The Bots Take Over

Slack is far from the only place where you may not be sure whether you’re chatting with bots or humans. 

Facebook is testing a bot-powered digital-assistant service in Messenger called M. Tell M what you want—for instance, to buy a shirt as a gift for your spouse—and it attempts to handle it with artificial intelligence. If the algorithms fail, humans step in.

Clara Labs makes a service called Clara, whose favored medium is email. Copy “Clara Turing”—the name is a nod to Alan Turing, the father of artificial intelligence—on a message about scheduling a meeting, and the Clara bot will try to find a time on your calendar that also works for your correspondent. As with Facebook’s M, when algorithms fail, humans step in. For $49 a month, Clara saves the tedious back-and-forth of checking calendars, and does it all over email—which is still how we humans end up booking most of our meetings.

WeChat, the chat service owned by Chinese Internet giant Tencent, has seen an explosion of bots on the service, including useful ones that help you hunt for jobs or buy clothes. But WeChat recently cracked down on some chatbots, including some developed by Microsoft, which has unsettled developers.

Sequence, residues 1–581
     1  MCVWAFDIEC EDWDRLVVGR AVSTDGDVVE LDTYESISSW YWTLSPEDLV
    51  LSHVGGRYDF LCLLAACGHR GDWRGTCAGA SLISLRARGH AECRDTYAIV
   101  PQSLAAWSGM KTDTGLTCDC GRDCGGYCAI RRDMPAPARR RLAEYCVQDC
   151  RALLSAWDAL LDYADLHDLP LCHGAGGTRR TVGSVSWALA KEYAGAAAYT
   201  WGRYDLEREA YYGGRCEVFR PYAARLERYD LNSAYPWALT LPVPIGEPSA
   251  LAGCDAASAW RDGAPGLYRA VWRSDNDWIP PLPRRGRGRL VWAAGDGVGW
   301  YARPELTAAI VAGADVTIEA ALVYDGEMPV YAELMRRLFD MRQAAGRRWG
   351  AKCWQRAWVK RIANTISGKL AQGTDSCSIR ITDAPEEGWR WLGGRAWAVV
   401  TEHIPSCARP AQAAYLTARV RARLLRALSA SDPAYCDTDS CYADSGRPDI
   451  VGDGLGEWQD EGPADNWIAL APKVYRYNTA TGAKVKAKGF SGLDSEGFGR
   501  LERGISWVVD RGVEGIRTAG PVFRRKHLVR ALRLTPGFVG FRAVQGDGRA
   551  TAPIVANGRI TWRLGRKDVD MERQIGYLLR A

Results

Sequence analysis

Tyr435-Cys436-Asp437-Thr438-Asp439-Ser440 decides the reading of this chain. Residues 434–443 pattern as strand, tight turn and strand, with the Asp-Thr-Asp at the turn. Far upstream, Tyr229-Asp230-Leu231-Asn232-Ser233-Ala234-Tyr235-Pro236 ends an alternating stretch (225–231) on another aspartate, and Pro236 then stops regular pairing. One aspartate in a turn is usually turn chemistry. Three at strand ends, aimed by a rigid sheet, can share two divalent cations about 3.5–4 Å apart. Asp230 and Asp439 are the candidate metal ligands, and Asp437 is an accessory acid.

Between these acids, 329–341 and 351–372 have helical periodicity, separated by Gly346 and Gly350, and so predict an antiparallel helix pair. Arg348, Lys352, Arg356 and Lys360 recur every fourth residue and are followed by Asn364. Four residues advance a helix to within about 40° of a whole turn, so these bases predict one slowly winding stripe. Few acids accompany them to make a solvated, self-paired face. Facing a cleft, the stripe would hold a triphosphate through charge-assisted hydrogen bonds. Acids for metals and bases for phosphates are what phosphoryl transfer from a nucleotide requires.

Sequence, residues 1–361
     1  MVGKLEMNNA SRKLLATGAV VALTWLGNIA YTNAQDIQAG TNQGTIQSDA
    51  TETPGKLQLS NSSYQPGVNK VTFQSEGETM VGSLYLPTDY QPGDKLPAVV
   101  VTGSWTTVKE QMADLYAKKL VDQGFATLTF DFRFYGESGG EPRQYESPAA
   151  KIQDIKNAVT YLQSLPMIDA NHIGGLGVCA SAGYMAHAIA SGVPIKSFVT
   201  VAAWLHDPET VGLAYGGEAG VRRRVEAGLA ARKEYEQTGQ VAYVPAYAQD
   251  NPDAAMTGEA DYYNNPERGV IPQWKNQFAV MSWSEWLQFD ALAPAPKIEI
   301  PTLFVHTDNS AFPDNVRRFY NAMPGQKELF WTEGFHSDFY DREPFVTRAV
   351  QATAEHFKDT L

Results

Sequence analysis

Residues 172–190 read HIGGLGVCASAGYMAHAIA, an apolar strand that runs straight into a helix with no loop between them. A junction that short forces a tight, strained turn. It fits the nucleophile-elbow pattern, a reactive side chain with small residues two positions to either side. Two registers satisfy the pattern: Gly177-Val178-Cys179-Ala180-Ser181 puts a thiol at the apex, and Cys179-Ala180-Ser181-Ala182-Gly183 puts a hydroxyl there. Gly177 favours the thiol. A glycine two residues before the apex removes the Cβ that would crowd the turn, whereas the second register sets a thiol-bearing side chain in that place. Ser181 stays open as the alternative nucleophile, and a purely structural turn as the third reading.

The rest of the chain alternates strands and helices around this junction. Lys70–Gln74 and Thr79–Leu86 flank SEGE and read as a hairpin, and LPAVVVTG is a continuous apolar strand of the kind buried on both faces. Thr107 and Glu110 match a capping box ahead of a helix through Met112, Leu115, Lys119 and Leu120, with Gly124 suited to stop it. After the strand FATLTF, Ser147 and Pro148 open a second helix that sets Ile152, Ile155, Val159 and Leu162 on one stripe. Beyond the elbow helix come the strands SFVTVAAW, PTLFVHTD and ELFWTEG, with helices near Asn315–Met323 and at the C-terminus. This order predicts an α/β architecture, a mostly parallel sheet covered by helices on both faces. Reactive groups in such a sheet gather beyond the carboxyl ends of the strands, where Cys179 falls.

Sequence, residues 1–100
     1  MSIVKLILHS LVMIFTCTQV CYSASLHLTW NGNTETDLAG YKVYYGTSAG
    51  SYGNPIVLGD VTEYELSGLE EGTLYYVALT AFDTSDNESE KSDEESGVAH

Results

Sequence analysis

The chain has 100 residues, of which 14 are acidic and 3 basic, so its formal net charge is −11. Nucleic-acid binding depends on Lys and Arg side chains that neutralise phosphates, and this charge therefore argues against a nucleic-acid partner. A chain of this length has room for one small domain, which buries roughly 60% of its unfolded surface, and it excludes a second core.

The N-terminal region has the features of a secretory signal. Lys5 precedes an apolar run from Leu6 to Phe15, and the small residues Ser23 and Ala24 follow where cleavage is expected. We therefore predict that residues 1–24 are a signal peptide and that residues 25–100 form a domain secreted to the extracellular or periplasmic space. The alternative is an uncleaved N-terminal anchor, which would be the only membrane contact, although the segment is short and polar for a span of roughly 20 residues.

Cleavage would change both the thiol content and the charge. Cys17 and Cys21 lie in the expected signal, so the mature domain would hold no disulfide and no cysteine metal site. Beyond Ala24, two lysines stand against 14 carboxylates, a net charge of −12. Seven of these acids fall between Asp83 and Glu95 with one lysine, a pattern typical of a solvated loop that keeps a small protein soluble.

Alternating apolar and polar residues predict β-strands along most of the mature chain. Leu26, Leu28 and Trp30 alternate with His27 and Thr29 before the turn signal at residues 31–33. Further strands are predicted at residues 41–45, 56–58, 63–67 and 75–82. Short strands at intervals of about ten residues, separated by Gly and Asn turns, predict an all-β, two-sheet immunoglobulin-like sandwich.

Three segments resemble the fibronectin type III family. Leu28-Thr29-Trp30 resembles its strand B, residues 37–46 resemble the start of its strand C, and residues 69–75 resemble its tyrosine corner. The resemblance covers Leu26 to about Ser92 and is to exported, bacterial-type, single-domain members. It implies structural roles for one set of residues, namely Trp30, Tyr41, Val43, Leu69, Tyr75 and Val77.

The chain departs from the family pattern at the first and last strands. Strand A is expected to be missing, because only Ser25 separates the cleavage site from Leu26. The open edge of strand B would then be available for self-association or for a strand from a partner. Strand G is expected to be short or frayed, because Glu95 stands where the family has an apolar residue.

Clara recently booked a meeting for me with Matt Galligan, the former CEO of Circa News who’s now working as a product consultant. He sees response time as the big challenge for bot builders. In Slack, people will expect speedy replies, which limits the range of what bots can handle—especially if they need to fall back on human help, like M and Clara sometimes do. With email and messages, users may be more tolerant of delays.

Developers will have to figure out the nuances of each messaging platform. Facebook Messenger and WeChat have their differences; Slack is different from other team messaging services.

For Brown, though, Slack is a particularly bot-friendly environment. It doesn’t hurt that Slack’s built-in Slackbot welcomes users to the service, filling out their user profile by asking them questions rather than making them tab between text boxes on a screen.

“For people who get Slack, [Howdy] is going to feel like ‘more Slack,'” Brown said. “This is just an extra part of the experience.”

Like a free-flowing conversation, Slack is an “unstructured environment,” according to Brown. That’s fertile soil for developers to grow in.

And there are implications beyond workplace productivity. Consider the vast amounts of data generated by connected devices, at home, in offices, and around cities. What will be their means of communicating data, insights, alerts, and other information? Increasingly, we’re drowning in apps and websites. We need new, humanistic interfaces—like a conversation. It’s just a matter of time before our bots are smart enough to get the message.

Photo by Jessica Keating Photograpy; screenshots courtesy of Howdy